Whether you’ve heard of the films isn’t necessarily an indication of their quality — maybe in some cases — but a snapshot of how Hollywood distributors have been forced to grapple with unusual release plans in, yes, these unprecedented times. The Academy of Motion Picture Arts and Sciences made an exception this year, considering films that debuted on streaming services instead of holding to its steadfast requirement that they premiere in theaters to qualify.
That means you can watch a good number of Oscar-nominated films at home on services you might already subscribe to, while others are available on-demand. Here’s a viewing guide to this year’s slate, including best picture contenders and a few films starring major acting nominees. The Academy Awards will air April 25 on ABC.
“Mank” (dir. David Fincher)
Nominated for: Best picture, best director, best actor, best supporting actress, best cinematography, best production design, best makeup and hairstyling, best costume design, best original score and best sound
What it’s about: Named for Herman Mankiewicz, “Mank” follows the ailing screenwriter (played by Gary Oldman) as he develops the screenplay for “Citizen Kane” in 1930s Hollywood. The film, written years ago by Fincher’s late father, was in part inspired by the critic Pauline Kael’s contested argument that Mankiewicz was the primary author of Orson Welles’s classic film.
“Nomadland” (dir. Chloé Zhao)
Nominated for: Best picture, best director, best actress, best adapted screenplay, best cinematography and best editing
What it’s about: “Nomadland” is an intimate look at a woman named Fern (Frances McDormand), who lives in a van as she travels through the American West looking for work in the aftermath of the Great Recession. Fern lost her husband, and the film features real-life nomads Linda May, Swankie and Bob Wells, mentors and friends who help Fern find meaning in transience.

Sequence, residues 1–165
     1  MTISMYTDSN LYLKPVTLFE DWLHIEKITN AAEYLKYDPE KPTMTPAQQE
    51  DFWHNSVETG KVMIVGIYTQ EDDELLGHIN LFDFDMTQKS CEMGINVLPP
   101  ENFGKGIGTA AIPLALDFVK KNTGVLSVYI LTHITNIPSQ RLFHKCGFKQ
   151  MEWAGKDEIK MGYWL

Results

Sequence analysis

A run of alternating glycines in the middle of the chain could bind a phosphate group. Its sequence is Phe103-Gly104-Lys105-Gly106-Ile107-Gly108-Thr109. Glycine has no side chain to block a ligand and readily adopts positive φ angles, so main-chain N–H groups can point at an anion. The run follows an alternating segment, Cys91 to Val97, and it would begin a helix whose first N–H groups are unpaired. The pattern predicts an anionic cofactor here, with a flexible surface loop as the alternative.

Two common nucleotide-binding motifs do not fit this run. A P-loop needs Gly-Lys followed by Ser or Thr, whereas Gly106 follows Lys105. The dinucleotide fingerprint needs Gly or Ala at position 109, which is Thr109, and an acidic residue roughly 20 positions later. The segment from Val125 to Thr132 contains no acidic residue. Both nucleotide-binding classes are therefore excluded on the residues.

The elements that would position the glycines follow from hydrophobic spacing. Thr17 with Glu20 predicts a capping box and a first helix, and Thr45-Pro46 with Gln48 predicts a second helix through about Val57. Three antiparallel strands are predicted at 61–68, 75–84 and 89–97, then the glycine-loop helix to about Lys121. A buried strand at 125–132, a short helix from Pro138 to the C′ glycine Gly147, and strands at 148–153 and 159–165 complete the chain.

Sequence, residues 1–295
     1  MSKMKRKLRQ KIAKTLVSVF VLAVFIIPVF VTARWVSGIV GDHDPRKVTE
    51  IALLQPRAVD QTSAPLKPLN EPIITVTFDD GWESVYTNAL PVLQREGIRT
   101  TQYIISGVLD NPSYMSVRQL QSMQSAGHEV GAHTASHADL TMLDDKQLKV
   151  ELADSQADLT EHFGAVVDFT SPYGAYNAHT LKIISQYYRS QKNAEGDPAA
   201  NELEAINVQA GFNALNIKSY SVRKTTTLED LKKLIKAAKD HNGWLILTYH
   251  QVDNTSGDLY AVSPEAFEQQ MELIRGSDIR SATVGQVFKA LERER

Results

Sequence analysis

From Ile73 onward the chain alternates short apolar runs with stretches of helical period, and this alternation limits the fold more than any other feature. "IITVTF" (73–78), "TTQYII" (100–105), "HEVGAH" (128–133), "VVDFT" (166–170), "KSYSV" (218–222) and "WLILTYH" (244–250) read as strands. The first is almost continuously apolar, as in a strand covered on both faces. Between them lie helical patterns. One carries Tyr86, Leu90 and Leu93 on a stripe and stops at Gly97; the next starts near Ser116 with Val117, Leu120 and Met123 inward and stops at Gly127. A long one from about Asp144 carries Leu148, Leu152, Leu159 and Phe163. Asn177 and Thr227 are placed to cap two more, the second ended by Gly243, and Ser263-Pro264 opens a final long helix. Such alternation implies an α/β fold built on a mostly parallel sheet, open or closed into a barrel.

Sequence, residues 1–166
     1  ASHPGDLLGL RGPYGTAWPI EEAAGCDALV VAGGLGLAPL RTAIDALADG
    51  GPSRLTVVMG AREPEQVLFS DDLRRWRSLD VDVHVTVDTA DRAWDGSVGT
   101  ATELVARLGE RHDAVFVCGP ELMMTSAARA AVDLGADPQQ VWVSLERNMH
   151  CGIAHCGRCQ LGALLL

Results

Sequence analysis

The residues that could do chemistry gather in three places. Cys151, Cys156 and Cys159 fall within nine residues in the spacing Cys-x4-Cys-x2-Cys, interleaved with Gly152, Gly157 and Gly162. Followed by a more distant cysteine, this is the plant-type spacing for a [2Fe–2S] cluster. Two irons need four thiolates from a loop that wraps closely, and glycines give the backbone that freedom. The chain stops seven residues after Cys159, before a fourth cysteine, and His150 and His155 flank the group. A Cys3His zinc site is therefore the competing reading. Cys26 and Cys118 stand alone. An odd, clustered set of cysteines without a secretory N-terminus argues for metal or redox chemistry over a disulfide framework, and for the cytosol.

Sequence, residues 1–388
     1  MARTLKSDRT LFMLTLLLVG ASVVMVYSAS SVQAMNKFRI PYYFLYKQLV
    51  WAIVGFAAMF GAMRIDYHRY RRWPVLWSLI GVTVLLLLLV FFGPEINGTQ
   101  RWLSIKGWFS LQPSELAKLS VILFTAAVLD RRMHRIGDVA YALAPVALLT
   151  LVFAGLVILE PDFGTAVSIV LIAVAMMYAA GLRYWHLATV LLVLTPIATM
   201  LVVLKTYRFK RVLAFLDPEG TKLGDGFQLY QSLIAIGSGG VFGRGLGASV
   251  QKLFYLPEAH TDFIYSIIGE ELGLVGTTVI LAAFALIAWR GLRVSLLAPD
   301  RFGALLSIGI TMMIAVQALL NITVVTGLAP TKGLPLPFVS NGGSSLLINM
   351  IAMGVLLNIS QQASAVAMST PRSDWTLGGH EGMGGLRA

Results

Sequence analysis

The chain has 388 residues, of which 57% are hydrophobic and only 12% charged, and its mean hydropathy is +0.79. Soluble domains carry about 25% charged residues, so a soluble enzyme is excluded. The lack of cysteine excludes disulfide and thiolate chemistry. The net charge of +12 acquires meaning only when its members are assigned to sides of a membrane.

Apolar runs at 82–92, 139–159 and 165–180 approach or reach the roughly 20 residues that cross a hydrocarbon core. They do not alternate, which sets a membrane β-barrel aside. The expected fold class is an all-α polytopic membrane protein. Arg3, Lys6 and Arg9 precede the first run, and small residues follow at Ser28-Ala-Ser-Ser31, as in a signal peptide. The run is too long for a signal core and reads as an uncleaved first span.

“The Trial of the Chicago 7” (dir. Aaron Sorkin)
Nominated for: Best picture, best supporting actor, best original screenplay, best original song, best cinematography and best editing
What it’s about: Sorkin’s searing courtroom drama, which he also wrote, focuses on the legal proceedings that followed antiwar demonstrations at the 1968 Democratic National Convention in Chicago. The film is named for the seven defendants who remained after Black Panther Party co-founder Bobby Seale, initially grouped with everyone else, was removed to be tried separately.
“Minari” (dir. Lee Isaac Chung)
Nominated for: Best picture, best director, best actor, best supporting actress, best original screenplay and best original score
What it’s about: The semi-autobiographical “Minari” is about a family that moves from California to rural Arkansas, where patriarch Jacob (Steven Yeun, the first Asian American to ever be nominated for best actor) is determined to make a life for his young family by starting a farm.
“Judas and the Black Messiah” (dir. Shaka King)
Nominated for: Best picture, best supporting actor (twice), best original screenplay, best original song and best cinematography
How to watch: The film left HBO Max after the 31-day streaming window ended, but it probably will be available on-demand in the future.
What it’s about: “Judas and the Black Messiah” follows William O’Neal (LaKeith Stanfield), a young man who avoids jail time in late 1960s Chicago by becoming an FBI informant. He provides the bureau with sensitive information that eventually leads to police and federal agents killing Fred Hampton (Daniel Kaluuya), chairman of the Black Panther Party’s Illinois chapter.